The repetitive nature of Barnt’s music, with its steadily cycling arpeggios and constant pedal tones, has led some listeners to connect it with the “kosmische” tradition of German synthesizer music of the ’70s and ’80s, but one of the great pleasures of Barnt’s work is how modest it is, built of cheap plastic and low-grade metal and cracked rubber fittings. As interstellar metaphors go, this isn’t the hi-def sci-fi of Skrillex‘s spaceship; it’s more like the paltry 64-kilobyte memory of the Apollo Guidance Computer.
The bulk of the album is devoted to five longish tracks, none shorter than six-and-a-half minutes long, and one that’s more than 15, in which cautious melodies and economical counterpoints rise and fall above stolid four-to-the-floor beats. (Three short interludes serve as palate-cleansers; their single-keyboard riffing recalls a kid trying out synths in the music shop—dreamy, wistful little airs that bridge classical schooling and solid-state circuitry.) To enumerate their elements is even more useless than usual when discussing club tracks. The leads tend to be reedy, spindly things, and the drum sounds lumpy and leaden; there are almost no basslines to speak of. Pedal tones and open fifths are par for the course. All the elements go out of their way to be unremarkable; it’s the way they come together that really sings.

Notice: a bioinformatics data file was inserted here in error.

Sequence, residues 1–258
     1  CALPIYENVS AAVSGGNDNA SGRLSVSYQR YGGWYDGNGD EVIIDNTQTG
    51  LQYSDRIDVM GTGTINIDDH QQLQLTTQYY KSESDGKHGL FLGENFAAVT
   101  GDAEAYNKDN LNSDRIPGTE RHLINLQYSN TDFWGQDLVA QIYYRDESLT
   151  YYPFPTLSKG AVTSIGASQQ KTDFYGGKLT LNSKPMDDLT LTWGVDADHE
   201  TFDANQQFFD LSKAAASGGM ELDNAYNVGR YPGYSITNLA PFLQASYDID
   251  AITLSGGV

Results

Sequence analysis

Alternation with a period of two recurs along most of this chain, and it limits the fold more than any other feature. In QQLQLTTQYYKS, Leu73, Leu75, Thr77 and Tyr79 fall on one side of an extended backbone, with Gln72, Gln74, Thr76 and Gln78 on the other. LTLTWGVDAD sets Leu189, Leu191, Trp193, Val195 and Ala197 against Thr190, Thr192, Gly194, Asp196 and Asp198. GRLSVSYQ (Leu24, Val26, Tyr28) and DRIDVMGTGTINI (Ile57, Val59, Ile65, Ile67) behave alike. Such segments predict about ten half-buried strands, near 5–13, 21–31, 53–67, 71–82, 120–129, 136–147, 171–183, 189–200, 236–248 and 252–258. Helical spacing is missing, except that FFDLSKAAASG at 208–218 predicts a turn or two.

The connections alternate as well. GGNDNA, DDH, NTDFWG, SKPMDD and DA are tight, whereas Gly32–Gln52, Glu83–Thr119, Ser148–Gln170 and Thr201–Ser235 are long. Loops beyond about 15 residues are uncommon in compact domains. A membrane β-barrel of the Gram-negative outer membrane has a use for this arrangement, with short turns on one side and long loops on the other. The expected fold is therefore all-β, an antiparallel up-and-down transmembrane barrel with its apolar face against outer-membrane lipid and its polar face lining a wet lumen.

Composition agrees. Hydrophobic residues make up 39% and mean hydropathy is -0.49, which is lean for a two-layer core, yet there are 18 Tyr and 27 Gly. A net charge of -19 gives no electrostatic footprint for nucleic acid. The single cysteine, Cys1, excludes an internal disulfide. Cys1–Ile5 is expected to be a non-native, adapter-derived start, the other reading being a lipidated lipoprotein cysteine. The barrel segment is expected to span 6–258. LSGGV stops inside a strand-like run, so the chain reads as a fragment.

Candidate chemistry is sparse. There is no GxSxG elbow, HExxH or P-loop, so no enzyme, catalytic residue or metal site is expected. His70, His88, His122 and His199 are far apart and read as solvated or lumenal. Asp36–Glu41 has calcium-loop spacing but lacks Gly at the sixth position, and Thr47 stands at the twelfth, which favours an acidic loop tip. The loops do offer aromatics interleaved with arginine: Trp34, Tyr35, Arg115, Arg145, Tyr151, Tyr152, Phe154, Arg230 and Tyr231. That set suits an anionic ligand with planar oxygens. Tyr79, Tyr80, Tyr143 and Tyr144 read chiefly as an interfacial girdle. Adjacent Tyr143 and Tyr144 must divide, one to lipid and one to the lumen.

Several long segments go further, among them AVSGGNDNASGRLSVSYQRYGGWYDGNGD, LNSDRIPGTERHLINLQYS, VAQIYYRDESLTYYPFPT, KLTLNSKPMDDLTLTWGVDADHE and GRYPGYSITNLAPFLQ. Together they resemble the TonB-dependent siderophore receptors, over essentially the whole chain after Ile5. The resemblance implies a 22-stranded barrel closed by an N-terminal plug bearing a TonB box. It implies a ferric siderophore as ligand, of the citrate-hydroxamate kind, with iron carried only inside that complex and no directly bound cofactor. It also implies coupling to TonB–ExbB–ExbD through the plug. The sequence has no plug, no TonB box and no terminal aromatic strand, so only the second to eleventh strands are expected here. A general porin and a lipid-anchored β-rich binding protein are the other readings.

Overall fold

In “22:25”, a strident, two-note pizzicato sequence saws dully away until it’s relieved by lowing choral samples. The opening “Wiggett: So we know that hexog****” plays hypnotic counterpoints against cricket-legged hi-hats and insistent splash cymbals. “How Do I Know What Solutions X Form?” balances Medieval European and Middle Eastern influences over an Italo-disco bassline. “Cherry Red”, one of the album’s best tracks, works as a kind of relay race, as a nervous, 16th-note patter is passed from voice to voice—tuned toms, open hi-hats, monotone bass—for 11 minutes of continuous shuddering that sounds a lot like the echo chamber of contemporary media. The final track, and the one with the most inscrutable title (“All the alts I’mm holding are hurting.”), offers more than 15 minutes of minor-key meandering and desultory drum workout; the last two minutes are just one-handed keyboard noodling, as if the artist were lost in a dream, unable, or unwilling, to decide what to do about that blue ribbon in the sky, and unwittingly become one with it.
For all the album’s studiously generic sounds, there’s nothing else that sounds quite like this, and perhaps that’s the most important contradiction of all. For all his clinical reserve and careful attention to detail—some of these beats might as well contain footnotes—Barnt has ended up crafting an unusually heartfelt testament to techno’s emotive potential.
from Album Reviews – Pitchfork http://ift.tt/1rgNSGh